We have been providing official development assistance to Bhutan on an average of almost USD 20 million every year. We would like to keep this level of assistance to support the Bhutanese government especially focusing on your priority areas. As an ambassador, I’d like to increase the assistance even more.

People to people contact is important. Are there any plans for exchange visits between the two countries?

Of course, a scholarship programme to invite more students to Japan to study in universities is a very important scheme. I hope that many talented Bhutanese students apply for this scheme and have a chance to study in Japan. Also we have started from this year a scholarship programme to invite school teachers to Japan to attend trainings and educational programmes for students. Three teachers are studying in Japan under this scheme. Not only scholarships but we also have short term exchange programmes for students in the science and technology fields. These projects and programmes are available for youngsters and students. I hope the youth will apply for these programmes also.

We have the Olympics in Japan in 2020 and sports exchange is important. Under the Sports for Tomorrow scheme, we invite young promising sportspersons and sports trainers for training. In view of the 2020 Olympics and Paralympic games, we would like to expand our cooperation programmes under the Sports for Tomorrow scheme. Seven tables tennis players are here to participate in the Japan-Bhuan table tennis camp. I hope that many Bhutanese have a chance visit japan under this scheme and have a better environment to improve their skills so that many Bhutanese players can get gold, silver or bronze medals in 2020.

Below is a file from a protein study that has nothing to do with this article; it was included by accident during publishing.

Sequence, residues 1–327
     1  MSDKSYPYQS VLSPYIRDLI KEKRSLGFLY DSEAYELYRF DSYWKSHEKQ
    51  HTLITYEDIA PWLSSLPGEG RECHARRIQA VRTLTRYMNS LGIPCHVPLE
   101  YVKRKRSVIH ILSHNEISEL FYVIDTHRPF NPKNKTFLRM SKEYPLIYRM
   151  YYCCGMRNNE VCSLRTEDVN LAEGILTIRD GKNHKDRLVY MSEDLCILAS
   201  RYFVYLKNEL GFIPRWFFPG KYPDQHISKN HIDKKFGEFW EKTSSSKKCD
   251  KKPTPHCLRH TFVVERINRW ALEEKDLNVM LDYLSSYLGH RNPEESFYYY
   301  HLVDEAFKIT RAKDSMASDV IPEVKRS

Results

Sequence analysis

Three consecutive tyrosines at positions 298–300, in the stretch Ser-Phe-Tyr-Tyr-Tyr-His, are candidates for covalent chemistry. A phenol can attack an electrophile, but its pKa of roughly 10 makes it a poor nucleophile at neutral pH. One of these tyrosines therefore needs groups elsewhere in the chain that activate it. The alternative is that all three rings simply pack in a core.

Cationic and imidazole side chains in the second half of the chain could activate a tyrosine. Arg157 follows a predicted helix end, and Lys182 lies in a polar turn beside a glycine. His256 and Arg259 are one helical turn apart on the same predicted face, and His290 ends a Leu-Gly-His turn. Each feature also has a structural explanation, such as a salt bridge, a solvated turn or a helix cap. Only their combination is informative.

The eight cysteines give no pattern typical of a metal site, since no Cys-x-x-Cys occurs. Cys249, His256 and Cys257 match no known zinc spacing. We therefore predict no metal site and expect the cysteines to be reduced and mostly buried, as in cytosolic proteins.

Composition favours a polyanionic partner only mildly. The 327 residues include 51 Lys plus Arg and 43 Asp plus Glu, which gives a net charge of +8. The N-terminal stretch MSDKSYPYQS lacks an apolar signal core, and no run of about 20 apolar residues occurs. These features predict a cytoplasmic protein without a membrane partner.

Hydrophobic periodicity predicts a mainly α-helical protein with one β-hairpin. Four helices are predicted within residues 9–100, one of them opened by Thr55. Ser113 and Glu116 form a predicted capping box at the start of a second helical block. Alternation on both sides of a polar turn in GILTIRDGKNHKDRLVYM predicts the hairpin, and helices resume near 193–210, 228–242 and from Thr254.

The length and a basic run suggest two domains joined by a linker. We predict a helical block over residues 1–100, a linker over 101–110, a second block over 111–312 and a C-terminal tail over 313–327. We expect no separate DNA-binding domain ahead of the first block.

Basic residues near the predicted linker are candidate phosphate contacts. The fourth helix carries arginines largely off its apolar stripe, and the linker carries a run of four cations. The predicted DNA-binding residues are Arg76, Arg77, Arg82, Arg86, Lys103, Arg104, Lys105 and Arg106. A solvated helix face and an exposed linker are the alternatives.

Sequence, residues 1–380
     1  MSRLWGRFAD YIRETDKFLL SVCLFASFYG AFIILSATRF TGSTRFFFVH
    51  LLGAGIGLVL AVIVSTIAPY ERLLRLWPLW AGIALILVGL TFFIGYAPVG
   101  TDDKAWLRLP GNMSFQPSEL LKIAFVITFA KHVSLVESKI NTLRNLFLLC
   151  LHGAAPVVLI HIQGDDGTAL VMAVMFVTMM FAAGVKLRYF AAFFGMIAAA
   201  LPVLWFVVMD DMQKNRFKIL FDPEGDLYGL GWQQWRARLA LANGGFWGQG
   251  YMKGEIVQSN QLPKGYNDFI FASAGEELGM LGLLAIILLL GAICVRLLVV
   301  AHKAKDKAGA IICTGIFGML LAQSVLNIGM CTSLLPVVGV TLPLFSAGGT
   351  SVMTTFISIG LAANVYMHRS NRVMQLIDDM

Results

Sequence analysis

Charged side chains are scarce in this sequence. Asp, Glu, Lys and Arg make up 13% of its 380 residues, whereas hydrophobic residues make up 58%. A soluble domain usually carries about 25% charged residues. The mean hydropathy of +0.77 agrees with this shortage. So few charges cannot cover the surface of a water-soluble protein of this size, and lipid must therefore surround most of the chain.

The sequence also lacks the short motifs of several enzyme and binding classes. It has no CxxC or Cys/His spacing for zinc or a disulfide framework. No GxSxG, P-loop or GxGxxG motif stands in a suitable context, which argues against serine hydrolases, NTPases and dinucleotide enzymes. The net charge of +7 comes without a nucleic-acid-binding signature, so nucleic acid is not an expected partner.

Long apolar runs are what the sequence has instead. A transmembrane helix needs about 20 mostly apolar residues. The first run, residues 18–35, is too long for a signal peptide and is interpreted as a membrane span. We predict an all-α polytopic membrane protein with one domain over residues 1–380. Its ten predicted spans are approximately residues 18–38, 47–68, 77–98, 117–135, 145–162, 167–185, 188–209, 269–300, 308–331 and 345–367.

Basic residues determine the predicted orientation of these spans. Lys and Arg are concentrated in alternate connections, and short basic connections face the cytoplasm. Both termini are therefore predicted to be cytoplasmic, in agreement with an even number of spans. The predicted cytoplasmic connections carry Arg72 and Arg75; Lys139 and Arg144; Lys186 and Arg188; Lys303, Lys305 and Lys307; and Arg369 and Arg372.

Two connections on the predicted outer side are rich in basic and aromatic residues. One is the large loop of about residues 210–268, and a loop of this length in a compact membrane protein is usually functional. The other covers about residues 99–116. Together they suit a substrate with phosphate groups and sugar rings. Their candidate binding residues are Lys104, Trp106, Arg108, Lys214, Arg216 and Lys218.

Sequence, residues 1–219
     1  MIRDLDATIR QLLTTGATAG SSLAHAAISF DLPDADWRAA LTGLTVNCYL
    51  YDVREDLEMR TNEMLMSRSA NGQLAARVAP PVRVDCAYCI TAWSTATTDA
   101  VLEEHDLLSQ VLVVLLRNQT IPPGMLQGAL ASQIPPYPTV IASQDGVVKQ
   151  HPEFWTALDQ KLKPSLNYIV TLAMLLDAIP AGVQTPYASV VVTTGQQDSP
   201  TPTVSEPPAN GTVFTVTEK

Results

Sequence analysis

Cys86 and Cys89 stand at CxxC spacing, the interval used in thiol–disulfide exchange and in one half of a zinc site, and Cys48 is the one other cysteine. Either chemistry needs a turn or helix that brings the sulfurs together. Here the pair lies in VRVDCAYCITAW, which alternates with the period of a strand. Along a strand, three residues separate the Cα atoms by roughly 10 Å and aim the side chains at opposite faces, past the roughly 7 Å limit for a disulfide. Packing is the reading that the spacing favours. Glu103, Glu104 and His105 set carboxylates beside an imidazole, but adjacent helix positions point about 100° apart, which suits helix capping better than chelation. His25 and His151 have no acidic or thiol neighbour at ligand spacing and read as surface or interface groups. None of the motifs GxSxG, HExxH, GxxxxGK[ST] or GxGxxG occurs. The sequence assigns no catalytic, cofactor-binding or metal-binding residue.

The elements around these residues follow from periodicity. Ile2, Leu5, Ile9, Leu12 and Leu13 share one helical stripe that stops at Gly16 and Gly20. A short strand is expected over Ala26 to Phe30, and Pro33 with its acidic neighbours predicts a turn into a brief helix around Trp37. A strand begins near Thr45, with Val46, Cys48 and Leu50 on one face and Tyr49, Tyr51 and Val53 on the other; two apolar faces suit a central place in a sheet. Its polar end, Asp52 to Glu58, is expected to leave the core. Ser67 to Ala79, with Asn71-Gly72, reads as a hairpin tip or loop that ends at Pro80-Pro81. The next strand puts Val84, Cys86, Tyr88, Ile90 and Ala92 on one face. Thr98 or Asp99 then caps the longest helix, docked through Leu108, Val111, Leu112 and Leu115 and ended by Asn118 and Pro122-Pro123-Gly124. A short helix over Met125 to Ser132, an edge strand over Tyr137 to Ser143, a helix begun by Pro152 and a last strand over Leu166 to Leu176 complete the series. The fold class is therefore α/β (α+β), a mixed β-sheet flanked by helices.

Japan has supported Bhutan’s efforts towards cleaner and greener transport with the establishment of four quick charging stations for electric vehicles. Will there be any more support on this sector?

I remember attending the inauguration ceremony of the quick charging stations together with Prime Minister Tshering Tobgay earlier this year. I know this is an important project for the government to have a more eco-friendly and clean environment especially in this capital. So based on the experience of these quick charging stations, we are very happy to consider further cooperation programmes to Bhutan in the field of clean energy and technology.

Based on any requests, which may come from the Bhutan government we are very happy to consider future cooperation programmes in a positive manner.